Nigel Carter, chief executive of the British Dental Health Foundation, is calling on the Government to introduce the mineral to more areas. However, fluoridation is controversial.

At high levels, fluoride is a toxin – an early sign of overdosing is dental fluorosis, when white marks develop on the tooth enamel – and the maximum allowed in Europe is 1.5 parts per million.

Fluoride has been linked to bone cancer in boys, according to a Harvard School of Dental Health study. And a 2012 report in the journal Environmental Health Perspectives concluded there were ‘strong indications’ fluoride exposure ‘is highly problematic for proper cognitive development and brain formation’ of children.

The National Pure Water Association is lobbying to stop fluoride being added to drinking water anywhere, claiming there are no good studies linking the practice with dental health.

Chemical to stop lead poisoning

If you live in Glasgow, London or Manchester, where there are still rows of Victorian terraces, chances are you have phosphate in your drinking water.

This chemical – a compound of phosphorus and oxygen – is added to water likely to pass through lead pipework.

‘Lead pipes are still common in homes with plumbing done before the Seventies,’ explains Sue Pennison. ‘Lead is poisonous and can affect the neurological development of young children.’

If lead is found in the water supply, the pipe can be lined with phosphate which acts like a hard impermeable scale, stopping it making contact with the drinking water.

‘It is added following a risk assessment and doesn’t pose any threat to human health in itself,’ says Sue Pennison.

However, Professor Exley says it can ‘promote the growth of algae if the water is exposed to light because it is a plant nutrient’ – seen, for example, in green standing water. However, this would be ‘highly unlikely’ to affect health.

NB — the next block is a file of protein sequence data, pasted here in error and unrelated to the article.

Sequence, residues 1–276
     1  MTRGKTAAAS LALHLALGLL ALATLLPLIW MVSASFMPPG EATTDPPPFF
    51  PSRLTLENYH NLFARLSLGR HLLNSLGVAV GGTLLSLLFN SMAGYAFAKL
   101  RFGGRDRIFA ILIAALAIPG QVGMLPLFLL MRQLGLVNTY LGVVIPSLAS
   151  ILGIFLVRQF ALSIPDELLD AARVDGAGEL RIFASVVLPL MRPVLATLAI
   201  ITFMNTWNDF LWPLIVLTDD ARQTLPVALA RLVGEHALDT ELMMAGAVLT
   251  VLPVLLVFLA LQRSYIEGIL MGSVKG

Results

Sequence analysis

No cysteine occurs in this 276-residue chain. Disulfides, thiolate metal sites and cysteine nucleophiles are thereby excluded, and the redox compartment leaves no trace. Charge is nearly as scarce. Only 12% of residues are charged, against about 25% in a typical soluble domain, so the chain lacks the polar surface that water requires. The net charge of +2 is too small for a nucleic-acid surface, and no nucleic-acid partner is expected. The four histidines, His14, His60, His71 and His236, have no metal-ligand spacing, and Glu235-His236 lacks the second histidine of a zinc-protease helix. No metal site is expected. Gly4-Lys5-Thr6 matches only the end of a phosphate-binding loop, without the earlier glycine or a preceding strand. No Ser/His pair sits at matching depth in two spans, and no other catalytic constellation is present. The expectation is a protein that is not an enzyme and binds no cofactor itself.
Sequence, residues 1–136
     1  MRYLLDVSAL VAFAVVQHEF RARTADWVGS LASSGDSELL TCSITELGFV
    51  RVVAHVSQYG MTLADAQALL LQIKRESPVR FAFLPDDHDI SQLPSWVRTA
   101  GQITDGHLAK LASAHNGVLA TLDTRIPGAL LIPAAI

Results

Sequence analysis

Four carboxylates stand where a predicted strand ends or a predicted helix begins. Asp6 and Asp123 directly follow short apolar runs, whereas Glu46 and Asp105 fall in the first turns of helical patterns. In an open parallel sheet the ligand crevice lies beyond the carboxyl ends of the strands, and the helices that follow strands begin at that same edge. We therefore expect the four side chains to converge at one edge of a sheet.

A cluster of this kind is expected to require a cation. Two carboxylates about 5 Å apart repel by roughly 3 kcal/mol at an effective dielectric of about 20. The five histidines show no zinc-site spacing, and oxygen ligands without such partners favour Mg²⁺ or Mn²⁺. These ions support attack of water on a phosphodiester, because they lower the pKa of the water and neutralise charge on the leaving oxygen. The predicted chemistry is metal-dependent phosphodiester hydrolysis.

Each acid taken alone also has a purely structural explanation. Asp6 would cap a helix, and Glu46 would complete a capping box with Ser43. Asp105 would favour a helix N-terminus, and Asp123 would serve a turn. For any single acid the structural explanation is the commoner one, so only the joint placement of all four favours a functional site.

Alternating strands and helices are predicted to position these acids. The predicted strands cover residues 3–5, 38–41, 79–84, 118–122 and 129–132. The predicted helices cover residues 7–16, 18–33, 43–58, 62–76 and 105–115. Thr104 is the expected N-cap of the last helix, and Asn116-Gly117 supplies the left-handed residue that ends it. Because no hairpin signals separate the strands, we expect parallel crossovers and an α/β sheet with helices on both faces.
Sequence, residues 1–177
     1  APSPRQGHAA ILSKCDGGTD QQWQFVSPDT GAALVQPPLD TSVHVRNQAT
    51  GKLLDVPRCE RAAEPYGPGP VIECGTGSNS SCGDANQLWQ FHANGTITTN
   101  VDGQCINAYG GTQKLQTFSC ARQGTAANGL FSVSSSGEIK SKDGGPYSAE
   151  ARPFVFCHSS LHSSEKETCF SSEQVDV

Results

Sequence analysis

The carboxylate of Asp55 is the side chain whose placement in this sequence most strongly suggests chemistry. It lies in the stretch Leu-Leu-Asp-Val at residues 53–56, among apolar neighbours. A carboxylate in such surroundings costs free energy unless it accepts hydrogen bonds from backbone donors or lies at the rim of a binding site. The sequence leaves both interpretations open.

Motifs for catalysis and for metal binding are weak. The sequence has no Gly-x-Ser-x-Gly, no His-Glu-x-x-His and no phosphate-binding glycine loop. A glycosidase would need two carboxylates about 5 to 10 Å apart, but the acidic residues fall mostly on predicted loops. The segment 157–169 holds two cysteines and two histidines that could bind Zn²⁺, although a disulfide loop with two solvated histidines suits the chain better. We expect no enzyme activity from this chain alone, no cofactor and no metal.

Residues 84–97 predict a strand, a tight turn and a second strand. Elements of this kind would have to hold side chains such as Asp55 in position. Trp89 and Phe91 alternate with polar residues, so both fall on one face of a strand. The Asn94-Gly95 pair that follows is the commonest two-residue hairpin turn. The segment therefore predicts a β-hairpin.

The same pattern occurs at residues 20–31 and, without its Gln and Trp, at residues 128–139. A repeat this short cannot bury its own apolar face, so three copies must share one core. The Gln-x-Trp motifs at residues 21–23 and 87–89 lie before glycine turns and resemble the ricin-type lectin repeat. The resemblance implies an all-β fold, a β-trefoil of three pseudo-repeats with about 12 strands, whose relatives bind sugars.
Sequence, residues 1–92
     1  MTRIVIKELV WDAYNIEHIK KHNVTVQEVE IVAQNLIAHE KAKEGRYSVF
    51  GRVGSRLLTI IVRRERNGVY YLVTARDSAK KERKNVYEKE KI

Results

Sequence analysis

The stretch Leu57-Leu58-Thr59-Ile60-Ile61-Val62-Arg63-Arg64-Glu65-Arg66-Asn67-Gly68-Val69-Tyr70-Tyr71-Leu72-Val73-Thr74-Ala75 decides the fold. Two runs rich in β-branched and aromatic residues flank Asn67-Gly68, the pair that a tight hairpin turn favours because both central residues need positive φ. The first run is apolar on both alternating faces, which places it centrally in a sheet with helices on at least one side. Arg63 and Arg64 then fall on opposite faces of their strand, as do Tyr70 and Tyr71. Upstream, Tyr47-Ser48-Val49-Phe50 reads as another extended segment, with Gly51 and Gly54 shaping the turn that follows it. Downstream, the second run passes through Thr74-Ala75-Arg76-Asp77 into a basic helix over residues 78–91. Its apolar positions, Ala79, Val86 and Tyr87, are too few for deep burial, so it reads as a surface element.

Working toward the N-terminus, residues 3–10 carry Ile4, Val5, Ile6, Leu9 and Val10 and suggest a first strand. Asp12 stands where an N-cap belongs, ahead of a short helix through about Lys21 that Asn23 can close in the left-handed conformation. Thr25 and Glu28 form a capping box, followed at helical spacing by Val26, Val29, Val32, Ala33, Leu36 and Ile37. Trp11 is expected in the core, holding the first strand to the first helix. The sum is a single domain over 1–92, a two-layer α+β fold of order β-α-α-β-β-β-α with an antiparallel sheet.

The cost of crystal clear water

To get the crystal clear drinking water we expect, chemicals are added that make sediment form clumps which can then be filtered out easily.

One such chemical is aluminium sulphate, explains Professor Exley. Most should be extracted at the treatment works. Some may remain in minute quantities when it reaches your tap, but at too low a level to cause problems, he adds.

There are concerns that aluminium in the water supply may be linked to Alzheimer’s – high levels of the metal in the brain may contribute to the early onset of the condition, although this is unproven.

A study in the Lancet did find that people living in parts of England and Wales with higher concentrations of aluminium in the water had a higher risk of developing the disease than in areas where levels were low.

But a later Norwegian study suggested that although aluminium was a potent neurotoxin, drinking water contains only a fraction of what we get from other sources, including antacid medication and tea.

Professor Exley, who has previously reported that there is possible link between Alzheimer’s and aluminium, says: ‘There should not be a downside to adding aluminium sulphate to the water supply as long as the process is well controlled and never rises above 50 parts per billion.’

However, in 1988, a tanker driver in Camelford, Cornwall, emptied 20 tonnes of aluminium sulphate straight into the water supply by mistake, exposing local people to 3,000 times the permitted level.

Despite many people complaining of problems, including dementia, the final report concluded it was unlikely the exposure could have caused long-term health effects.

PS: Is soft water better for you?

Hard water – found in areas with chalk or limestone soil, such as in London and the Isle of Wight – contains higher levels of dissolved minerals such as magnesium, which may help regulate blood sugar, and bone-healthy calcium.

A 2004 Finnish study even suggested hard water may protect against heart attacks.

The downside is that hard water makes soap less effective and leads to scale build-up on kettles. Water softeners can ease this, though may remove good minerals, such as calcium, in the process.

Soft water may help people suffering from eczema, it has been claimed. But a 2012 trial of 336 children with the skin condition found that fitting a water softener into their homes made no difference.